"Family is Family" for YES Student's Indiana Host Family

August 26, 2013
Kramer Family Hosts an Exchange Student

When asked to describe being a host mother, Jen Kramer of Kendallville, Indiana, reported that "it's just like having another son."

Though hosting an exchange student was her high-school aged son's idea, Kramer and her Kennedy-Lugar Youth Exchange & Study (YES) Abroad program student Zaki formed an instant bond.

"I hadn't thought about it, but when I was in high school my family hosted an exchange student from Bolivia and that was a great time," Kramer said. "So I was willing to try it with my own family."

"We took him in as one of our own, he called me 'Mom,' and now when we talk on the phone every Sunday, he calls me 'Mom 2,'" she said. "I would have kept him if they let me," she added with a laugh.

Kramer knew nothing about Lebanon, Zaki's home country, before he arrived, but during his 10 months in the States, they worked together to make a list of ten important facts about his country. He used their list when he spoke about his life in Lebanon in classrooms and at events.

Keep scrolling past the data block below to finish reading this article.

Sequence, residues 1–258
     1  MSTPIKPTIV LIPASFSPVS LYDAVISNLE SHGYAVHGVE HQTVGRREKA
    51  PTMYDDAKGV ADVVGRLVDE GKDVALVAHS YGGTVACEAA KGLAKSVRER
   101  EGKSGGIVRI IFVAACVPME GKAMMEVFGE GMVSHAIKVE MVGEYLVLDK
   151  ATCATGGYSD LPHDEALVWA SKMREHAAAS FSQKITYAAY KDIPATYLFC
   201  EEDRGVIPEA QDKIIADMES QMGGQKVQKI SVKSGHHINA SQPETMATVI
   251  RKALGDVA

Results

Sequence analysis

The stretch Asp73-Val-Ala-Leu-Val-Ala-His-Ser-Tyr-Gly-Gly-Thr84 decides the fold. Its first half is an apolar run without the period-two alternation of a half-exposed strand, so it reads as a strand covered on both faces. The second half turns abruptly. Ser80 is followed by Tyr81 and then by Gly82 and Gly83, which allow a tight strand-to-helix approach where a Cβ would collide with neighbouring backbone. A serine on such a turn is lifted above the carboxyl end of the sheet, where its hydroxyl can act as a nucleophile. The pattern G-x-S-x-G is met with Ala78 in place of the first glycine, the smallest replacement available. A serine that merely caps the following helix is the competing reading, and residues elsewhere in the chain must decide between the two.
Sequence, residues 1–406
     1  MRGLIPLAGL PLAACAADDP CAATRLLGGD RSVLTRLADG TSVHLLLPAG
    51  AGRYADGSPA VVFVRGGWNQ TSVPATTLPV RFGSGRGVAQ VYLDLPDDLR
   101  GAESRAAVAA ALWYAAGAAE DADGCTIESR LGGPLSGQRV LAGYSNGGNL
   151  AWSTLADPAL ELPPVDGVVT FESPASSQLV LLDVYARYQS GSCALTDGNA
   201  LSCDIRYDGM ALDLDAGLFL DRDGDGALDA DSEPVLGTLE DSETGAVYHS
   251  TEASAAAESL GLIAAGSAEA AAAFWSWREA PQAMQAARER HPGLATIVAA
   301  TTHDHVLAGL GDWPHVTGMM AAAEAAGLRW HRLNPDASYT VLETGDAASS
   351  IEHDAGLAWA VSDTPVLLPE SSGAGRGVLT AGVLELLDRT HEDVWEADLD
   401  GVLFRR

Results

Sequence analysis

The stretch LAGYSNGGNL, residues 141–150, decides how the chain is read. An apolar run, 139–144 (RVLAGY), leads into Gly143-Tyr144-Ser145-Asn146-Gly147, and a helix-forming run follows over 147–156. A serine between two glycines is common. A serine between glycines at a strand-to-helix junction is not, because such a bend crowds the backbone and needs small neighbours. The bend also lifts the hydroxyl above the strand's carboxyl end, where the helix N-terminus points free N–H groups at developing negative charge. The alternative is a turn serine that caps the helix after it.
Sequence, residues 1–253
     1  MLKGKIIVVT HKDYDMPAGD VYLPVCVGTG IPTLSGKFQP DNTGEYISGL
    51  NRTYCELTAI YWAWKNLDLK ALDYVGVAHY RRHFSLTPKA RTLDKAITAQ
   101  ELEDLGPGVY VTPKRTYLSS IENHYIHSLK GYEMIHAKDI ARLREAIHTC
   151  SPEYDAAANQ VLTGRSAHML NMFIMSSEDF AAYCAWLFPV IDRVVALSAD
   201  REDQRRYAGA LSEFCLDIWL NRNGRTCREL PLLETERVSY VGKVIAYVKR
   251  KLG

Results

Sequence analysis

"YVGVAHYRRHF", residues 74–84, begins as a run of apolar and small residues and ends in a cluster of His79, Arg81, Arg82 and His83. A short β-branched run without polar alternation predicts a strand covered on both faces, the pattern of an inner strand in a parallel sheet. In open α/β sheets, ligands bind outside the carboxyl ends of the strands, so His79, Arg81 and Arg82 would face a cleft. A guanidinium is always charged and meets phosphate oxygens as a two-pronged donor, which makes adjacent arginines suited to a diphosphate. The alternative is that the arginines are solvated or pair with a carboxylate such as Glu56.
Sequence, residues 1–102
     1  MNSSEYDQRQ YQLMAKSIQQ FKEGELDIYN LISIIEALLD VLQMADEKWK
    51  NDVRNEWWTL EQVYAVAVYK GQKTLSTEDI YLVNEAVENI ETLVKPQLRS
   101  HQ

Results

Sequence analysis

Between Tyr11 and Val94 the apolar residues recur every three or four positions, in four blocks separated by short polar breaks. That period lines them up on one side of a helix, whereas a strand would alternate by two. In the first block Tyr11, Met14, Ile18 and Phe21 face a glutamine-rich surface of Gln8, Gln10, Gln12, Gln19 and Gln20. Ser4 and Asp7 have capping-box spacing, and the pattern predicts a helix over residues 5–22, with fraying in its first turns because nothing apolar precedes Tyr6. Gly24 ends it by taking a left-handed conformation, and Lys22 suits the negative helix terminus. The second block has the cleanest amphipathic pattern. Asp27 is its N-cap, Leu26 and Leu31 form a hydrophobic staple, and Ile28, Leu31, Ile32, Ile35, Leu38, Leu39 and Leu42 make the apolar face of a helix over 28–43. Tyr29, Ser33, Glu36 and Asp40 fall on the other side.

Despite their cultural differences, Zaki and Kramer's youngest son were like "peas in a pod." Though her older son had some reservations about hosting an exchange student, he, too, quickly became friends with Zaki. And on a family vacation, many thought the boys were brothers.

"Teenagers are teenagers, and I think young people are more open to different cultures," Kramer said. "It was a great experience for my son and I know he misses Zaki."

The family went everywhere together: they visited Florida and Cincinnati, went to a symphony concert, and took Zaki to his first NBA game.

Kramer found Zaki a delight to host, in part because he got along with everyone, from family members to school friends to strangers.

"What surprised me most was how quickly we grew to love him," she commented. "That was the most rewarding part, just loving each other. And now we have a tie on the other side of the world, which is just great."

"Having him here proved that it doesn't matter where you're from or how you're used to doing things -- family is family."

If you would like to host, it's not too late. We are eager to welcome new families. To learn more about becoming a host, visit hosting.state.gov. Share your own hosting experience using #HostFamily on Twitter.


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